A first degree offense is applicable when an interruption or malfunction is caused in public services such as water or power—the greater the impact, the greater the charge. To be considered substantial, it has to last more than two hours, create a risk of bodily harm, cause damages of more than $250,000, cause death or serious injuries, and affect at least ten structures.
There are sentencing ranges attached to each degree of cyber crime:
A fourth degree crime is up to 18 months in prison and fines of up to $10,000. A third degree crime is three to five years in jail and up to $15,000 in penalties, while a second-degree offense is five to ten years in prison and up to $150,000 in fines. A first degree crime is ten to twenty years in prison and $200,000 in fines. Also, first degree crimes have a sentence requirement of at least one-third to one-half of the imposed sentence to be ineligible for parole. The same parole ineligibility applies if the crime was committed against a government agency. A defense of not knowing or intending to hack a government system cannot be used as a defense.
By the year 2018, 62% of households had household computers instead of 40% in 2000. Information is moving faster, purchases are made within seconds, meetings take place across the world through electronic conferences, and all of this accelerated with more people working from home. Twenty years ago, it all seemed a part of a science-fiction movie, and now our technological tools and advances are moving at break-neck speed. Unfortunately, with an increase in virtual transactions, computer crimes are up 300% relative to 2010. In 2020, there were 4.7 million reports in the United States. This coming year cybercrime will cost the world $6 trillion.
How does New Jersey Investigate Online Crimes?
Due to the cyber training received at all law enforcement levels (federal, state, and local) and prosecutors, the preservation and analysis of the evidence of a computer-related crime continue to improve when conducting a computer-related or other technology-related crime. The state of New Jersey works in combination with federal organizations such as the Office of Homeland Security and Preparedness in a cross-section of cyber experts who are apprehending more and more cybercriminals.
New Jersey’s Cyber Crimes Unit, known as CCU, is composed of state police detectives and civilian participants who work in two squads. Each squad conducts investigations regarding computer crimes. They are carefully trained and do some training for the community regarding internet safety. Corporations and state universities are provided with education to receive information about the dangers of intrusion of internet networks. The New Jersey Office Of Information Technology works in conjunction with the CCU to discuss the risks of intrusion crimes and what that could do to government, business companies, and educational institutions.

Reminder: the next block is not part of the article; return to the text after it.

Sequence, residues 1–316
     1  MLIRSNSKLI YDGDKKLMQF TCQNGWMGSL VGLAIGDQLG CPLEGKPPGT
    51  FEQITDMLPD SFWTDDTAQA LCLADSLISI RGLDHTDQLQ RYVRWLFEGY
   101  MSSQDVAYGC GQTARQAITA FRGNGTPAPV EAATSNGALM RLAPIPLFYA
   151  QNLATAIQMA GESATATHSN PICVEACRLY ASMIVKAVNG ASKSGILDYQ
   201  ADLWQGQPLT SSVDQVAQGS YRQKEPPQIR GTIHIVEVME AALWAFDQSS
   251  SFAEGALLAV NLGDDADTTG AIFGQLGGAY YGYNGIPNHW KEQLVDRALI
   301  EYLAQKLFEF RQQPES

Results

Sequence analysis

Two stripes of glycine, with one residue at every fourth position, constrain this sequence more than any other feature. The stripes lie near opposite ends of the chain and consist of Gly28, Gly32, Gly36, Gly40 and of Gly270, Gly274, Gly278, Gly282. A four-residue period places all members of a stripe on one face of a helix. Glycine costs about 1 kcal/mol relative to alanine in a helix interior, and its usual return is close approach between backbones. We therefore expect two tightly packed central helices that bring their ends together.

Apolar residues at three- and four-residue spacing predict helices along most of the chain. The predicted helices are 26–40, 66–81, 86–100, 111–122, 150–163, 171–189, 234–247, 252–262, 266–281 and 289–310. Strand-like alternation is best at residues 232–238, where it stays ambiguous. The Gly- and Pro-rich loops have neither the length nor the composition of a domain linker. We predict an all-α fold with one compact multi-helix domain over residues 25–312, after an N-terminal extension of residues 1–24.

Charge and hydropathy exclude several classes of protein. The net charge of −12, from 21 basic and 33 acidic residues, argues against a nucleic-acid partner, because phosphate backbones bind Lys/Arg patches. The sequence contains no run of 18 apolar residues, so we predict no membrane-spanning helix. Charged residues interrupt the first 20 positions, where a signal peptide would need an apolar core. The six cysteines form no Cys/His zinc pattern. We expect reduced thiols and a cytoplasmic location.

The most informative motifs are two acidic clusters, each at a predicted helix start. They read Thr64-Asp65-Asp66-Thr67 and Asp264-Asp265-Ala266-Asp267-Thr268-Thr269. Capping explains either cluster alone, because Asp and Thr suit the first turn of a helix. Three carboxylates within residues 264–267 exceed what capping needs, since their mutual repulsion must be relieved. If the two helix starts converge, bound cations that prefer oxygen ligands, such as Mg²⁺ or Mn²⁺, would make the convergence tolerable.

With the constant augment of technological users, the CCU assists more investigations where computers are being used for fraudulent purposes, identity theft being the most frequent. In collaboration with the CCU, local law enforcement and federal, state, and local laws can keep digital evidence and use it in court.
Being Charged With More Than One Internet Offense, Why Does This Happen?
Computer crimes often occur in conjunction, and yet each crime is a separate entity when it comes to the potential consequences. For example, Person X has been cyberstalking Person Y, sending inappropriate messages and threats in the direct messages section of Facebook. Things escalate when friends tell Person Y they have received threatening and sexually explicit emails from Person Y’s email account. Three days later, Person Y gets a text message from their bank that several hundred dollars overdraw their account. This cannot be a coincidence; it appears that Person X is responsible for the absconded funds as well.
As you can see, several cybercrimes are committed here, such as theft, illegally accessing computer programs, using someone else’s personal information to commit fraud and theft. Each of these charges is individual.
Accused of a Computer Crime in Morris County NJ?
Cybercrimes are not to be minimized, and sentencing has become much more strict in recent years. Remember, computer crimes are charged separately, and you could be accused of several crimes simultaneously. What may have been some harmless fun could be very serious when repercussions are on the horizon and you are being investigated for offenses committed online. Let our Morris County cyber crimes lawyers defend you. Our attorneys regularly defend clients charged with computer crimes and wondering how to avoid the potential consequences in towns such as Parsippany, Florham Park, Chester, Dover, Roxbury, Boonton, Madison, Kinnelon many others across Morris County. Contact us anytime at our Morristown office for a free consultation. You can get ahead of the investigation or prosecution by calling (908)-336-5008.